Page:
Big Star: Nothing Can Hurt Me is a feature-length documentary film about the dismal commercial failure, subsequent massive critical acclaim, and enduring legacy of pop music's greatest cult phenomenon, Big Star.
A documentary that celebrates Rick Hall, the founder of FAME Studios in Muscle Shoals, Alabama, and the signature sound he developed in songs such as "I'll Take You There", "Brown Sugar", and "When a Man Loves a Woman".
A celebration of the musical work of a group of session musicians known as "The Wrecking Crew", a band that provided back-up instrumentals to such legendary recording artists as Frank Sinatra, The Beach Boys and Bing Crosby.
Danny Says is a documentary on the life and times of Danny Fields. Since 1966, Danny Fields has played a pivotal role in music and "culture" of the late 20th century: working for the Doors,... See full summary »
Mx Justin Vivian Bond,
A brand new film on one of Britain's best-loved and most influential bands of modern times, XTC. Emerging from the late 1970s punk and new wave explosion, XTC amassed a devoted following ... See full summary »
U2, Talking Heads, Depeche Mode, Blondie, Duran Duran, Tears for Fears, The Clash, The Cure: Over half a billion records sold but you may never have heard of them if not for a small ... See full summary »
M. King Adkins,
Ginger Baker looks back on his musical career with Cream and Blind Faith; his introduction to Fela Kuti; his self-destructive patterns and losses of fortune; and his current life inside a fortified South African compound.
BIG STAR: NOTHING CAN HURT ME is a feature-length documentary about legendary Memphis band Big Star. While mainstream success eluded them, Big Star's three albums have become critically lauded touchstones of the rock music canon. A seminal band in the history of alternative music, Big Star has been cited as an influence by artists including REM, The Replacements, Belle & Sebastian, Elliott Smith and Flaming Lips, to name just a few. With never-before-seen footage and photos of the band, in-depth interviews and a rousing musical tribute by the bands they inspired, BIG STAR: NOTHING CAN HURT ME is a story of artistic and musical salvation.Written by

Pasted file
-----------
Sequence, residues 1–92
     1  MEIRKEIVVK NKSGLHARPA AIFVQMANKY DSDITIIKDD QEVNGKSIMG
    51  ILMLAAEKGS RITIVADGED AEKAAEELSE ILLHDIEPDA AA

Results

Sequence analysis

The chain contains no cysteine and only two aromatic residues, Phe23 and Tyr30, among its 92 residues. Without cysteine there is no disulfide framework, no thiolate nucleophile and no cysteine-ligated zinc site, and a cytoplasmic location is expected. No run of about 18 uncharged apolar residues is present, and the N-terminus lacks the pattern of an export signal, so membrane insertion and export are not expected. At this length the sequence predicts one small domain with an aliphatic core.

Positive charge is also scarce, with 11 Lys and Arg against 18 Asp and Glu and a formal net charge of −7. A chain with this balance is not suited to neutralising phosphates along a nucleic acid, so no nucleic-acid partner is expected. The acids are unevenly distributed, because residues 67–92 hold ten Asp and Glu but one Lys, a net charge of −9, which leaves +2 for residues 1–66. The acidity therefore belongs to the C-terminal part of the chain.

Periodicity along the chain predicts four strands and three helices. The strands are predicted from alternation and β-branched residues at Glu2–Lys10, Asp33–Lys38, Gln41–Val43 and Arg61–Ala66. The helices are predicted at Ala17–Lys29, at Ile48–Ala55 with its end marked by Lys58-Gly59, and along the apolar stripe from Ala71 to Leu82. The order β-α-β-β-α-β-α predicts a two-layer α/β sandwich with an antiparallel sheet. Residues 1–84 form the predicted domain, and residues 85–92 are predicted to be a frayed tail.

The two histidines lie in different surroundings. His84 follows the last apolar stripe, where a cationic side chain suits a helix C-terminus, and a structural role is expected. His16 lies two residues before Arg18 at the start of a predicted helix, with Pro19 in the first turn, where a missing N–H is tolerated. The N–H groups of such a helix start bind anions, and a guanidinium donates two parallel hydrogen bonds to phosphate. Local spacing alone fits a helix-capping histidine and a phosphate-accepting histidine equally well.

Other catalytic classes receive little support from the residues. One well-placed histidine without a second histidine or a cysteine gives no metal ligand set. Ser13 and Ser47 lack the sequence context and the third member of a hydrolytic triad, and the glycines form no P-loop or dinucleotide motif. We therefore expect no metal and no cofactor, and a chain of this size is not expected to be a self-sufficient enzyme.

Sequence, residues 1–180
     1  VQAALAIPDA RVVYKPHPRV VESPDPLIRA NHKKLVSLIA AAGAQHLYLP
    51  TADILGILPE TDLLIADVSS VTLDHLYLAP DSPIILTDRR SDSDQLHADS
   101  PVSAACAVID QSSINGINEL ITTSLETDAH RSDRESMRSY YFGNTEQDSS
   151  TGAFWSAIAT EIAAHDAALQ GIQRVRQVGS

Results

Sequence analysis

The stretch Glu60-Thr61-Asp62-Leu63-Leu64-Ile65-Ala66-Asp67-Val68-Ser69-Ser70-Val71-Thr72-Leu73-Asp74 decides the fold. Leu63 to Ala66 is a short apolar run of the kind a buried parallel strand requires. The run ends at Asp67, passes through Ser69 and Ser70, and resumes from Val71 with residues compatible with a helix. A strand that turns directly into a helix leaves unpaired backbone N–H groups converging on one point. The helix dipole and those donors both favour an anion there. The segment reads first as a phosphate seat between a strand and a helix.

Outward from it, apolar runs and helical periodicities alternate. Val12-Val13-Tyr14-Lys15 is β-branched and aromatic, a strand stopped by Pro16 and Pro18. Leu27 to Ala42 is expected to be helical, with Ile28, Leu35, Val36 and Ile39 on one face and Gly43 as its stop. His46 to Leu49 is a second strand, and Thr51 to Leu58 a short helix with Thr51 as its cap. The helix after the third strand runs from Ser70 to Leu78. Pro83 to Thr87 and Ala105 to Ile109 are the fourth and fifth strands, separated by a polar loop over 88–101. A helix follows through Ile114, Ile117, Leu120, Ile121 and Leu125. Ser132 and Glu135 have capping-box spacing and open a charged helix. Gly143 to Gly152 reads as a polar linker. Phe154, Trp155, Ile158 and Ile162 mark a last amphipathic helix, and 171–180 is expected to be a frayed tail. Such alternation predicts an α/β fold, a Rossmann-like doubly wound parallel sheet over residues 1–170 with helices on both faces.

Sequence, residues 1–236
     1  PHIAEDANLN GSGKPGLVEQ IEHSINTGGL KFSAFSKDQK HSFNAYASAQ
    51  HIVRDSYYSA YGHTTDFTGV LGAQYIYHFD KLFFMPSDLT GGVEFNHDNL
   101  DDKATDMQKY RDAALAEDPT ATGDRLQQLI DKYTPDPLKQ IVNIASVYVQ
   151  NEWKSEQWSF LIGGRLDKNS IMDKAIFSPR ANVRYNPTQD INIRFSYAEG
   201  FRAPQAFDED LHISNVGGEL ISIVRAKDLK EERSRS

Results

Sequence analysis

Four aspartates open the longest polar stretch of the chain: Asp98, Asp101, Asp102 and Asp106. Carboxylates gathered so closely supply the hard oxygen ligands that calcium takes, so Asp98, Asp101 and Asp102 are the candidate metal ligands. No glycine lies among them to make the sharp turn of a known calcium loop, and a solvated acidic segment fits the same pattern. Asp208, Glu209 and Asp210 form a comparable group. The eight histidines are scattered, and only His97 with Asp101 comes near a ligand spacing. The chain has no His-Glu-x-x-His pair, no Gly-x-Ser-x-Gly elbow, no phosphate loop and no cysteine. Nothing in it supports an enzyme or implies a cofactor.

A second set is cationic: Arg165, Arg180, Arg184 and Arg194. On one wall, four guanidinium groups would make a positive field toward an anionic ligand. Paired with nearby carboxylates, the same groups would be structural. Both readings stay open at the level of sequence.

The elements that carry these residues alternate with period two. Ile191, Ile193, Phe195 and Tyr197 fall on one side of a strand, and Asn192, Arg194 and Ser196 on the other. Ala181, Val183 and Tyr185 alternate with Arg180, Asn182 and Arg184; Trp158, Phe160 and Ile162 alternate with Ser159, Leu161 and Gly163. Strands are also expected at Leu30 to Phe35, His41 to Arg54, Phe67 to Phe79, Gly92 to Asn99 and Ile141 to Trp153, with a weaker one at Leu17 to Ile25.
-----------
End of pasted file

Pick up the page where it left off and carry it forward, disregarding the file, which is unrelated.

When listing current artists that were influenced by Big Star, Elliott Smith is seen introducing a Big Star cover song on the Jon Brion Show with the date 1996. The show was not recored until 2000. See more »
This is a documentary about a 70's Memphis band. They have good critical support but never gains popular support. They struggle with the business and Big Star eventually fades into oblivion only to become a cult band which nobody has ever heard of and only the coolest music geeks can lay claim to. I myself don't know the band. I have never heard of their music. The only familiar song is 'In the Street' which was remade into the theme of 'That 70's Show'. I see some of their interesting famous fans. It would nice to showcase them earlier in the doc giving them needed praises. That's the normal practice to hype up the band. By putting it in the back, the intensity isn't there. If these famous artists love them, then I'm more motivated to know them. About their music, they sound good but none of it is that catchy. They sound professional. They sound sincere. They sound artful. There is an indie sensibility that would become more popular today. My biggest issue with the documentary format is that I couldn't tell who was from the band. None of them have great charisma in the present day. The two important voices in the band are no longer with us. It's tough to get a hold of their personalities when most of it is told in second-hand. It's the difference between a faded photograph and being in the same room. It has some fascinating behind-the-scene aspects. It would probably make for a great biopic movie where actors can give these people great personalities. The old footage can only give glimpses of the old days. It's told in a manner of faded memories. It's artistic but it's never visceral. It's sad but it's not enthralling. This is a good band who never reached the mountain top. There's a good story somewhere here.
1 of 1 people found this review helpful.
Was this review helpful to you?
| Report this